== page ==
“Don’t blame me, it’s my Autism.”

Author: Essaka Joshua

I apologize for the delay in my posts. As it was fall break for the main ND campus, the London branch also enjoyed a week off; there was no Riverside trip on either the 22nd or the 29th of October, which was Riverside’s half-term break. This blog will address the session on October 15.

To supplement my observations, I have been reviewing articles I read in my sophomore year as part of Essaka Joshua’s Disability Studies College Seminar. Recently, I re-read Anne Ruggles Gere’s article “Seeing is/not Believing: Visibility, Invisibility, and Disability Studies in Education.” In this work, Gere addresses the issues as pertaining to her own adopted daughter, Cindy, who has Fetal Alcohol Syndrome (FAS), and talks about the assumptions that teachers and classmates make about each other.

David was ill today, so the classroom was a little less structured than usual and I was able to spend some time with one of the aides, Amy, who is also twenty years old. I took the opportunity to ask her about the self-perceptions of the students. Are the students cognizant of their abilities and disabilities? Are they knowledgeable of their diagnoses? Do they know about the disabilities of their classmates? How do they grapple with questions of visibility and invisibility?

In my October 1 reflection, I wrote on whether it was appropriate to want more information on the students’ various disabilities and impairments. I try to avoid lumping all of the pupils into the “limitations of monolithic labels,” to quote Gere, and I would prefer more tailored words than simply “disabled” and “impaired.” As a student of psychology and possibly a future mental-health professional, I yearn for more specific medical details. Amy responded by saying, “Some of them do – Archie, for instance.” She called Archie over and asked him to show me his shirt, which read, “Don’t blame me, it’s my Autism.” The t-shirt appeared to have been from a fundraiser for autism awareness, and though it was a strange sentiment – alike in appearance and profundity to a shirt reading, “Don’t blame me, I voted for Ron Paul” – it was certainly interesting, and it was real. Amy said that Archie was especially proud of that shirt and had a matching hat as well. Beyond signing his words, Archie is not visibly impaired, but the shirt makes his disability visible – and his reaction is pride.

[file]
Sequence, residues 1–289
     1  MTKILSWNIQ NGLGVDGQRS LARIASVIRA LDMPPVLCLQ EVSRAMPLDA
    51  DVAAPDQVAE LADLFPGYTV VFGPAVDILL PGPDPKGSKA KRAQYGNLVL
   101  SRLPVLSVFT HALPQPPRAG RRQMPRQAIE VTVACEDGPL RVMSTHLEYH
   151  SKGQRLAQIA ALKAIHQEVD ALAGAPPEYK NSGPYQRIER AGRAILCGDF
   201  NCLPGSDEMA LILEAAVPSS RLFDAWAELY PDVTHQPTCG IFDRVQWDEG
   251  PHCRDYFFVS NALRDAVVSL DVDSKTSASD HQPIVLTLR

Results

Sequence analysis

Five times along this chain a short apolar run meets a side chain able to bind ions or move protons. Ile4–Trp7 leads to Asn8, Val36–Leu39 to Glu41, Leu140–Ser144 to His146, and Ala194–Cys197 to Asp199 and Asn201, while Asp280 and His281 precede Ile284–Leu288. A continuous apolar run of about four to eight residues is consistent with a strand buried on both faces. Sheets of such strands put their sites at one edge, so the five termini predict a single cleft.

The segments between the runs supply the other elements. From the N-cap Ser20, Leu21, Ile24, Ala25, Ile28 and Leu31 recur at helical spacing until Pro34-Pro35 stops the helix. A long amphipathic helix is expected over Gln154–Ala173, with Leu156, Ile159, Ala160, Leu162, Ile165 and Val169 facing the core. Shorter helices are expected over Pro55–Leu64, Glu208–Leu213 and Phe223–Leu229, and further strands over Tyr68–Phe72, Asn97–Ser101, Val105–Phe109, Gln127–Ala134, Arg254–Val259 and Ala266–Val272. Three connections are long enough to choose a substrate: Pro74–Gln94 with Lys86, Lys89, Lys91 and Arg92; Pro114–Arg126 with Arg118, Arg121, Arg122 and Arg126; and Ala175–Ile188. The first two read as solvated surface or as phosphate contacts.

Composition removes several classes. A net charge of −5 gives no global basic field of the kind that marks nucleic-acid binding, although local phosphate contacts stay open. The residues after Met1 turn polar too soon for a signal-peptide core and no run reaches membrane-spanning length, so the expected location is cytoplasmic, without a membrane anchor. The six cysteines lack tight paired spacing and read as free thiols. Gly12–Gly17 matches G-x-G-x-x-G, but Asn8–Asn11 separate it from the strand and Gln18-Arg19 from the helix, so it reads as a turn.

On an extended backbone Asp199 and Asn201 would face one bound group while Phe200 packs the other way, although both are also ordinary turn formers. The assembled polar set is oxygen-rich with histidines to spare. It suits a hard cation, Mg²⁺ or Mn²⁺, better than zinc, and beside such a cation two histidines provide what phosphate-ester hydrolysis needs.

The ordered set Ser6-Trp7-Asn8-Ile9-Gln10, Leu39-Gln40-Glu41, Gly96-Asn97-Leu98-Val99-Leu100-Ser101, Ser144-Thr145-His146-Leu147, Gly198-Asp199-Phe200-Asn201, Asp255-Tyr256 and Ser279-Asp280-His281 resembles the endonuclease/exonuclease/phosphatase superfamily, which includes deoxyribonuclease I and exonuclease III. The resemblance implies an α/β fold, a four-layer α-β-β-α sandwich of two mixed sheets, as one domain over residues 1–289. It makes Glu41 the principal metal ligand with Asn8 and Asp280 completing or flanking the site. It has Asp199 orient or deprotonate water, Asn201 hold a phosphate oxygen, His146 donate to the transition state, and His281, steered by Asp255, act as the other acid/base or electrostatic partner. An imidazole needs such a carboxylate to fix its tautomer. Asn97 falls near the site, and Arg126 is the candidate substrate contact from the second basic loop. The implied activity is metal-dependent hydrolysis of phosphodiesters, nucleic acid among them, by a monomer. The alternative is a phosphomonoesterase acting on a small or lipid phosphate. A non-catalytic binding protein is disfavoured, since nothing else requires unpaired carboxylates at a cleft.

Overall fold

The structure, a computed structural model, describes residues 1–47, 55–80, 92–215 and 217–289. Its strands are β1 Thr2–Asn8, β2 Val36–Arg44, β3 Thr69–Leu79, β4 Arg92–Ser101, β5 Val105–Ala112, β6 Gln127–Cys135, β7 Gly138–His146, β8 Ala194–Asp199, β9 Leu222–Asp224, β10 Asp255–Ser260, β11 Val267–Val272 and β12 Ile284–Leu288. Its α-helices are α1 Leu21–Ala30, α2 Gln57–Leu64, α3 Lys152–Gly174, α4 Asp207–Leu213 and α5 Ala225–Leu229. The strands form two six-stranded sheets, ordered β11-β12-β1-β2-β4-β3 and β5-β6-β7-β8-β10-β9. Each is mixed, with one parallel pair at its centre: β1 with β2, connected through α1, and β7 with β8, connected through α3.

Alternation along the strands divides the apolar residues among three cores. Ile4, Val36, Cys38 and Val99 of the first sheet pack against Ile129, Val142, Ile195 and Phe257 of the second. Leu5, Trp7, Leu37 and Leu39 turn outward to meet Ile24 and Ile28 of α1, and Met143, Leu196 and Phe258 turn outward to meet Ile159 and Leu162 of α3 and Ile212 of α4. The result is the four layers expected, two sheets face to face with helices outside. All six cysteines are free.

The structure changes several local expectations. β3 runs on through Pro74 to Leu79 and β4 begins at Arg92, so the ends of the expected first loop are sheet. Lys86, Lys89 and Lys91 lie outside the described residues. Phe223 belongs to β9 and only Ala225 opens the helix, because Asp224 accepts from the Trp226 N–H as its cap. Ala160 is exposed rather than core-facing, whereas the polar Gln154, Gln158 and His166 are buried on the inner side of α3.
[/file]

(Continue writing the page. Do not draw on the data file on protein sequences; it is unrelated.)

Gere states that, “The visible is not an accurate measure of the ‘reality’ of another’s body,” yet, “to be visible is to be subject to surveillance and voyeurism” (57). Just as the students in the classroom have an extensive range of abilities and impairments, the visibility of such individual traits is equally wide-ranging. Gere addresses the complexity of disability, and the further complexity of discussing it as, “Much of the research currently being done in education depends upon narrow and carefully delimited categories. The subjectivity of individuals is referenced by terms such as ‘at risk’ or ‘gifted’ or ‘disabled.’ These designations assume a single and stable identity” (59). These issues cannot be solved through studies of one person, but with the understanding of a community.

Riverside is an incredible community for these students at this point in their lives; Gere chooses her daughter as the subject of her analysis as she is an impaired student within mainstream education, and her challenges are subsequently multiplied. I often think of the pupils’ lives outside of Riverside – within their families and their neighborhoods, both now and in the future. Is disability – autism, for instance – a diagnosis that only incites “blame” as Archie’s favorite shirt assumes?

[Somewhat related to the issues of dialect and effect is the following article reporting on a Stanford University psycholinguist’s work on the thought-shaping power of language: http://www.newsweek.com/id/205985.]